Lakes of Ladakh

Pangong Lake

Pangong  Lake in Kashmir is the world’s highest brackish lake at 14,256 feet above sea level.  A few years back the government decided to open it to tourists though the lake and its surrounding is under army surveillance.  The tourism department intends to develop the infrastructure and facilitate the route leading to the lake.

A place too easily arrived at is scarcely worth traveling to at all.  Consider the ‘tired tourist’ who simply seeks solace in much talked about destinations, where he tends to relax and stroll the evenings away, buy a few souvenirs and sample the cuisine from the endless menu.  And there’s the ‘tireless traveler’ - the learning by living person who opts for a destination in order to explore and experience the unknown.

The 160 km trip to Pangong Lake from Leh is one such experience.  It begins with Thiksey village famous for its huge monasteries covering an entire mountain ridge.  Beyond this remote village there is nothing but the extreme mountain ridge.  Beyond this remote village there is nothing but the extreme mountain ranges for company.

The topography throughout the journey shoots up so abruptly that they throw off all calculations of distance - what looked to be a ten-minute crossing easily required an hour or more.  At times, it appeared as if so many of nature’s forces were warning us away at the steep slopes and uneasy bends and not to forget the great chunks of ice appearing static and frozen in time.  At Darbuk village near Tangste Valley stood a chain of war memorials with Regimental Insignias in commemoration of the soldiers who lost their lives during the Indo-Chinese war of 1962.  Some of the army bunkers and trenches are still in use.  Villagers can be seen here along with their large herds of Pashmina sheep and long tailed yaks.

The placid Pangong Lake is not just a tourists paradise but a geologist’s domain too and if one is to brush up with political history, the place is a melting pot of confusion and for sure it in no fun for the army in the biting cold to take care of the strategic landscape.

Travelers enjoy the solitude for a day or two, zoom their cameras to shoot the black necked Siberian  crane around the Mahe marshes which are the only breeding ground for these migratory birds.  At times they are seen swarming in the cool colourful water of the lake.  If one has boating in mind, one is heading for disappointment.  Very few boats are available and they belong to the army who may consider your request but won’t allow you to go beyond half a kilometer though one third of the 150 km lake belongs to India.  The remaining 100 km stretch of water belongs to China.  The lake was once divided between Ladakh and Tibet as early as 1684 under the Treaty of Tingmosgang signed between the king of Ladakh, Deldan Namgyal, and the Regent of Tibet.  As of today it is shared by India and China. This lake came into prominence after the cult movie Three Idiots.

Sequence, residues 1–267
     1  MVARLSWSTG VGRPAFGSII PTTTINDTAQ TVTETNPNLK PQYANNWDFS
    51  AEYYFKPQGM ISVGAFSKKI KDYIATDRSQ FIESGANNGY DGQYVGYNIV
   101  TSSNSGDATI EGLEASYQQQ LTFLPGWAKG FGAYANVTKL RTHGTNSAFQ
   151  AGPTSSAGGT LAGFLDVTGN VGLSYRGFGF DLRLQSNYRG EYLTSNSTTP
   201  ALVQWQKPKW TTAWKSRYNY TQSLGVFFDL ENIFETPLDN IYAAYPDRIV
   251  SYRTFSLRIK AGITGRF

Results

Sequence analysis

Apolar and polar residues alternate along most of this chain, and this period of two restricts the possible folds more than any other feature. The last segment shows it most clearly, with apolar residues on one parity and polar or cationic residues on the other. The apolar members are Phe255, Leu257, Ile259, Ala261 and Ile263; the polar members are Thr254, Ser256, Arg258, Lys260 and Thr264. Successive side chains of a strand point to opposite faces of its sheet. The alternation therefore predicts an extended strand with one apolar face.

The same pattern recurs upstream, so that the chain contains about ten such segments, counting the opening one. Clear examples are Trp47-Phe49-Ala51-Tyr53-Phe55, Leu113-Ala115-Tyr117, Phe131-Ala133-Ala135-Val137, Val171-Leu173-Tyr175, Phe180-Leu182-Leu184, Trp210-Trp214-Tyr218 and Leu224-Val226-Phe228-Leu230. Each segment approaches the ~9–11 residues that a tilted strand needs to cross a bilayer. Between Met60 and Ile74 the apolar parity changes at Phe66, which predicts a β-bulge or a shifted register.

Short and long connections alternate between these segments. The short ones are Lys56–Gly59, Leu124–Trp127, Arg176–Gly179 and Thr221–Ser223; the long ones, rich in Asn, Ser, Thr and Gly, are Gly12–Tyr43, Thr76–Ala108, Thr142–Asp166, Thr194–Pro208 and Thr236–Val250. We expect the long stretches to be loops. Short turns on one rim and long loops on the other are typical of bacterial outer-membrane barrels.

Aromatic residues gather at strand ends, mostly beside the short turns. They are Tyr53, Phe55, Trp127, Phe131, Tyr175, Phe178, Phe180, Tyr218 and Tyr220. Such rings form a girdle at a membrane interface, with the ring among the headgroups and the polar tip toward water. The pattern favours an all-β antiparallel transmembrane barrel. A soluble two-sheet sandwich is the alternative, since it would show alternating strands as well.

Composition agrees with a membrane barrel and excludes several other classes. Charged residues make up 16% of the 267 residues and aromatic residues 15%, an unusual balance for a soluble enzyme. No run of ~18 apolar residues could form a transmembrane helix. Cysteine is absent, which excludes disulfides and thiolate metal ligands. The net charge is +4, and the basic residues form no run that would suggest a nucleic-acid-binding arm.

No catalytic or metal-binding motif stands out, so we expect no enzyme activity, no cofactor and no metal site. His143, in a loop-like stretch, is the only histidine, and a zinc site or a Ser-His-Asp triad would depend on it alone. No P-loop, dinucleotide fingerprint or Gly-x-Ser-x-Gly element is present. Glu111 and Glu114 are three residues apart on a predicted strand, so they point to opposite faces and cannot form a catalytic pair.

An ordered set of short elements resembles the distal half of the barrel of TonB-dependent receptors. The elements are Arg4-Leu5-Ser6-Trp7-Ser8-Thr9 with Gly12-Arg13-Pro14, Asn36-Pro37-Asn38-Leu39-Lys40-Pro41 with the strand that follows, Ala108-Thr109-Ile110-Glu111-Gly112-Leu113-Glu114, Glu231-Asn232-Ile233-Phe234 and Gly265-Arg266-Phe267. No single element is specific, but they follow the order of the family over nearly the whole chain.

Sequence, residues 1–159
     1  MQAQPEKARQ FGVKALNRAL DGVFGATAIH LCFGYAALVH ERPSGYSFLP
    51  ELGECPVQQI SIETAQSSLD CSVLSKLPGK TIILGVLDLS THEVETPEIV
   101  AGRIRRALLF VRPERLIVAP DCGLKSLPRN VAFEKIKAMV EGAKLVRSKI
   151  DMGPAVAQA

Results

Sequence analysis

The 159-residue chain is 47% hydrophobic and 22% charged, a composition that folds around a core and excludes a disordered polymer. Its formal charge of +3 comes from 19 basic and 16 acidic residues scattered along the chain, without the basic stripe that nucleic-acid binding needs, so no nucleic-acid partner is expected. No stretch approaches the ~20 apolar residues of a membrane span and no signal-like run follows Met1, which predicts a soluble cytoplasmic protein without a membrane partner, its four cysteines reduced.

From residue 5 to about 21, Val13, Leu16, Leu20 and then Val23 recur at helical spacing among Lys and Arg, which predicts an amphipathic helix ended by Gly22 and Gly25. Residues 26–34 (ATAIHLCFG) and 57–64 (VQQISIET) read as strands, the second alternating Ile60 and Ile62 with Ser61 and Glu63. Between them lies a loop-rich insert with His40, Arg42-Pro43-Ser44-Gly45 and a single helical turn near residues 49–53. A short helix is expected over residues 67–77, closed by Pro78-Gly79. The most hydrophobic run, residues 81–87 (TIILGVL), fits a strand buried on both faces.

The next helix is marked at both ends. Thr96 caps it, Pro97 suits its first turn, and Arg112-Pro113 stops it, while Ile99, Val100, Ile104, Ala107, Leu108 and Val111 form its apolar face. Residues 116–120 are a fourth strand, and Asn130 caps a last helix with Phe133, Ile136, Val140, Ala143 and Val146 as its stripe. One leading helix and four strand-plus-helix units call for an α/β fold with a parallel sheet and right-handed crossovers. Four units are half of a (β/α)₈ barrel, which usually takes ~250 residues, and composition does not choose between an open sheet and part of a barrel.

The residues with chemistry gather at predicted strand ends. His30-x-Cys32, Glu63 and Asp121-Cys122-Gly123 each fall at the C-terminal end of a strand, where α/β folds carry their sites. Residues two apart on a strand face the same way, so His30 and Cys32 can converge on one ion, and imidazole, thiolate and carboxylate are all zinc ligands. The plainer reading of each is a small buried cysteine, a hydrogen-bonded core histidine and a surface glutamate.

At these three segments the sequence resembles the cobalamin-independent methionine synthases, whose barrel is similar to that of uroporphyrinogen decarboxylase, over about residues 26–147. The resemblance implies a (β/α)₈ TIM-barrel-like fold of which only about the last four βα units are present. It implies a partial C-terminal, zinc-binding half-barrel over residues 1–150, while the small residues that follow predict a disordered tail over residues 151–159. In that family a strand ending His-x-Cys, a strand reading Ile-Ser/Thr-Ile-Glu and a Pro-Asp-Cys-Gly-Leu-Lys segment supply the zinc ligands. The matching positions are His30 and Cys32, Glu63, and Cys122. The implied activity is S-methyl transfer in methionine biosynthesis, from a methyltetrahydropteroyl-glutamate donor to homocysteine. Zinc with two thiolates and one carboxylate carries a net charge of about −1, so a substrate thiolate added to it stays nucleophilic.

Tsomoriri Lake

Also Known as ‘Mountain Lake’, Tso Moriri is a spectacular site amidst mountain ranges in Leh and thanks to its serenity, is a good place to relax. The Lake measures about 28 km in length from north to south and about 4-6 km in breadth and about 100 feet average in depth. Maximum depth of Tso Moriri Lake is 248 feet. Tso Moriri Lake is surrounded by barren hills, with the backdrop of snow-covered mountains.
The water is crystal clear and of a deep blue color. However, since the Tso Moriri Lake has no outlet, its waters are consequently brackish, although not very detectable to the taste. In fact, the Tso Moriri Lake was once a popular source of salt.

Tso Moriri Lake is situated in the middle of the elevated district of Rupshu. The Ropsu valley lies south east of Ladakh on the road from Manali to Leh at altitude ranging from 16,500 feet. The 137 km drive from Leh to Rupshu can be covered in 7 to 9 hours. This pretty valley is inhabited by a small population of ‘Changpas’, who are nomadic shepherds. The area is rich in wildlife including the wild ass, black necked cranes and geese flock to the lake side for breeding during the summer months.

Reaching Tso Moriri and obtaining permits: Tso Moriri is inaccessible by public transport; you should contact a tour operator at Leh who will arrange and include your permit to the package. You will need two photocopies of the relevant pages of your passport and visa. Permits are required to travel to this lake. Once you have your permit, usually only valid for a maximum period of seven days, make at least 5 copies before setting off, as checkpoints like to keep a copy when you log in.

There are two routes to Tso Moriri from Leh:
Leh- Upshi- Debring- Puga- Tso Moriri
Leh- Upshi- Chumathang- Mahe- Puga- Tso Moriri.